The major alternatives include a short-term surge of 15,000 to 30,000 additional U.S. troops to secure Baghdad and accelerate the training of Iraqi forces. Another strategy would redirect the U.S. military away from the internal strife to focus mainly on hunting terrorists affiliated with al-Qaeda. And the third would concentrate political attention on supporting the majority Shiites and abandon U.S. efforts to reach out to Sunni insurgents.I'll bet they choose option 1 because it is the closest thing to 'Stay the course'. They'll boost troops in Baghdad, say its a 'new' strategy and buy more time to try to pull off a 'victory'. Unless the Congress is VERY watchful this 'new' approach could drag on for another year before national discouragement sets in again and we are currently rapidly approaching 3000 American troops dead. As the WaPo said:
While one of the options involves a surge of U.S. troops, there is no agreement on what the mission of those forces would be, sources say. Discussions center on accelerating the training of Iraqi forces and helping secure Baghdad before turning it over to the Iraqis. The goal generally could be to improve Iraq's defense capabilities so U.S. combat troops could begin to withdraw faster.But of course the usual 'blame the victims' strategy is being used too:
But the growing undercurrent of discussions within the administration is shifting responsibility for Iraq's problems to Iraqis. Sources familiar with the deliberations describe fatigue, frustration and a growing desire to disengage from Iraq. The sources spoke on the condition of anonymity because of the sensitive nature of the deliberations.Option 2:
The second idea is the "al-Qaeda option," which would transform the U.S. mission to focus on fighting terrorism and would disengage forces from domestic aspects of the multisided conflict. U.S. troops would take a backseat on the Shiite-Sunni conflict and instead hunt down al-Qaeda operatives, the sources say. On the ground, for example, that could mean a shift away from operations in Baghdad's volatile Sadr City slum, or from efforts to stop car bombs and sectarian attacks. The administration is increasingly resigned to the fact that it can neither prevent nor intervene in Iraq's sectarian war, which has begun to supersede both the Sunni insurgency and al-Qaeda's operations, the sources say.Option 3:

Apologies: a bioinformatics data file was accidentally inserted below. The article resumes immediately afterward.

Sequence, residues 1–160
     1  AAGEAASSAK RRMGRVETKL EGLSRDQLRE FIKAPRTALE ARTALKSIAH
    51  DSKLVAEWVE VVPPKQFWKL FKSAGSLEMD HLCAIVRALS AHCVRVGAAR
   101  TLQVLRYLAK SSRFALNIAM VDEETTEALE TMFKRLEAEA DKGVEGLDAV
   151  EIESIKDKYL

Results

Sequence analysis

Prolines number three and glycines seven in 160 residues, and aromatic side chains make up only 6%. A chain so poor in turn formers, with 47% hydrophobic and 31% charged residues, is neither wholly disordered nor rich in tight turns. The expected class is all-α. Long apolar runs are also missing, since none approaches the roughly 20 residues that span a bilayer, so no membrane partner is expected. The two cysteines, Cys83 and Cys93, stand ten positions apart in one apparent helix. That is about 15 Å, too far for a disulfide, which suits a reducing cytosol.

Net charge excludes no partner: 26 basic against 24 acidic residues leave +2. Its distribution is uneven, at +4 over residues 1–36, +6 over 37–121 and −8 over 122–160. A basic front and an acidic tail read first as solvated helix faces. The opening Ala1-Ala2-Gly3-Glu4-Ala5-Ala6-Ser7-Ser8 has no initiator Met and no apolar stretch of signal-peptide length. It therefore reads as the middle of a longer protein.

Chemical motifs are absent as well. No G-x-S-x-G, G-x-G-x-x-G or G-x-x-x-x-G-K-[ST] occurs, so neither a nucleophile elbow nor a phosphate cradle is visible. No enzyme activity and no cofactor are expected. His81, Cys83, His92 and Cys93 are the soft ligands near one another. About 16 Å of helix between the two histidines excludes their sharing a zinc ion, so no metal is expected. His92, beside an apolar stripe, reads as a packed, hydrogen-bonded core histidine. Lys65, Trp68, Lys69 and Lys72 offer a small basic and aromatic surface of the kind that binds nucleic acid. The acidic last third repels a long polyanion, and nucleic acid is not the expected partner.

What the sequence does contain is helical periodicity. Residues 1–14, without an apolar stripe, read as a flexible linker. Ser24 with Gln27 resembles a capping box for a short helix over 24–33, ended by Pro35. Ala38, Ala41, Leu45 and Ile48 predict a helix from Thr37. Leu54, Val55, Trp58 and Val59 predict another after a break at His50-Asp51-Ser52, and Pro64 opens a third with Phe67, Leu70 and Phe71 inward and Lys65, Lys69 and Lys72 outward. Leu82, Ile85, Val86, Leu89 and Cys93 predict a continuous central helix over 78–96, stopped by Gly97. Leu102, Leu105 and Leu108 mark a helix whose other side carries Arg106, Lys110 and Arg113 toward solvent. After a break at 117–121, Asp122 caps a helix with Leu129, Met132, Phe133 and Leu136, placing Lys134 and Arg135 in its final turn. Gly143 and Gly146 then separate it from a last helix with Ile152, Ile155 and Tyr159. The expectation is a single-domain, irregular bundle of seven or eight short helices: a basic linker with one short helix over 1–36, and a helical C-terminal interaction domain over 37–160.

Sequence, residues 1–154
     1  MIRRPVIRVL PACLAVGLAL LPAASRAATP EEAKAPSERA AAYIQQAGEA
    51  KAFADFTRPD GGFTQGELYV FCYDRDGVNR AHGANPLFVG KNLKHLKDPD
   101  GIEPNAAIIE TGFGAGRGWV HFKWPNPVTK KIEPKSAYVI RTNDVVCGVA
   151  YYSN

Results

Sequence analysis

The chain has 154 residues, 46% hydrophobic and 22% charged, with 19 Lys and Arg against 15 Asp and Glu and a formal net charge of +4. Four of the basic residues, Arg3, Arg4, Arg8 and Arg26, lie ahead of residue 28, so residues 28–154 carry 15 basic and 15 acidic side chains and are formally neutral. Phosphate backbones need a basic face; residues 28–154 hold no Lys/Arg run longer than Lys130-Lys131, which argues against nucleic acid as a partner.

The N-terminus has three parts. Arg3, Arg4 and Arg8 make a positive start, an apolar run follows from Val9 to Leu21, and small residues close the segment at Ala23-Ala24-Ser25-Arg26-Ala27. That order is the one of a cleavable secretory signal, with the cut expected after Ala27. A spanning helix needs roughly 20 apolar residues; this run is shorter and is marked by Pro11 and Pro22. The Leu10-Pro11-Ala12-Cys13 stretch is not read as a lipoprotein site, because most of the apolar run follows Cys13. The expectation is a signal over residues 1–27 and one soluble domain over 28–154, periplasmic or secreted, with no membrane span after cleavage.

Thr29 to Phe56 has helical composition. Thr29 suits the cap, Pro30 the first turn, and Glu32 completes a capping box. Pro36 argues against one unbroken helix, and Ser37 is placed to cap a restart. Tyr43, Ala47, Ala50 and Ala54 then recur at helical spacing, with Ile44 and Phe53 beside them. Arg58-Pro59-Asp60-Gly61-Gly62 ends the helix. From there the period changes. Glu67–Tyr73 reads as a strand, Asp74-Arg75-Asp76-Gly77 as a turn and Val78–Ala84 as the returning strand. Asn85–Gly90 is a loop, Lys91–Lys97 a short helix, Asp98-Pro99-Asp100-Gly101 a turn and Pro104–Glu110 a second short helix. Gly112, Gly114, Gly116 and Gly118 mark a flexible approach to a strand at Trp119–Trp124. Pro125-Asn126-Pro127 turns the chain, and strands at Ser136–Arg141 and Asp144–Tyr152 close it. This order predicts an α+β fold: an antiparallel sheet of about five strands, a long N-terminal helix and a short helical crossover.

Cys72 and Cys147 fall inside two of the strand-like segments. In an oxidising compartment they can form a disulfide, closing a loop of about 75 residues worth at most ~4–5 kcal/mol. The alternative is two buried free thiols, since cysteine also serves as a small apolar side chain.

On the political front, the administration is focusing increasingly on variations of a "Shiite tilt," sometimes called an "80 percent solution," that would bolster the political center of Iraq and effectively leave in charge the Shiite and Kurdish parties that account for 80 percent of Iraq's 26 million people and that won elections a year ago. Vice President Cheney's office has most vigorously argued for the "80 percent solution," in terms of both realities on the ground and the history of U.S. engagement with the Shiites, sources say. A source familiar with the discussions said Cheney argued this week that the United States could not again be seen to abandon the Shiites, Iraq's largest population group, after calling in 1991 for them to rise up against then-President Saddam Hussein and then failing to support them when they did. Thousands were killed in a huge crackdown.Does Cheney or anyone else realize that this option simply increases Iran's influence and alienates our Sunni allies in Jordan, Egypt and Saudi Arabia? I guess it's foolish to expect rationality from Cheney. See my previous posts on this tilt to the Shia, e.g., Tilting Toward SOME of the Shia.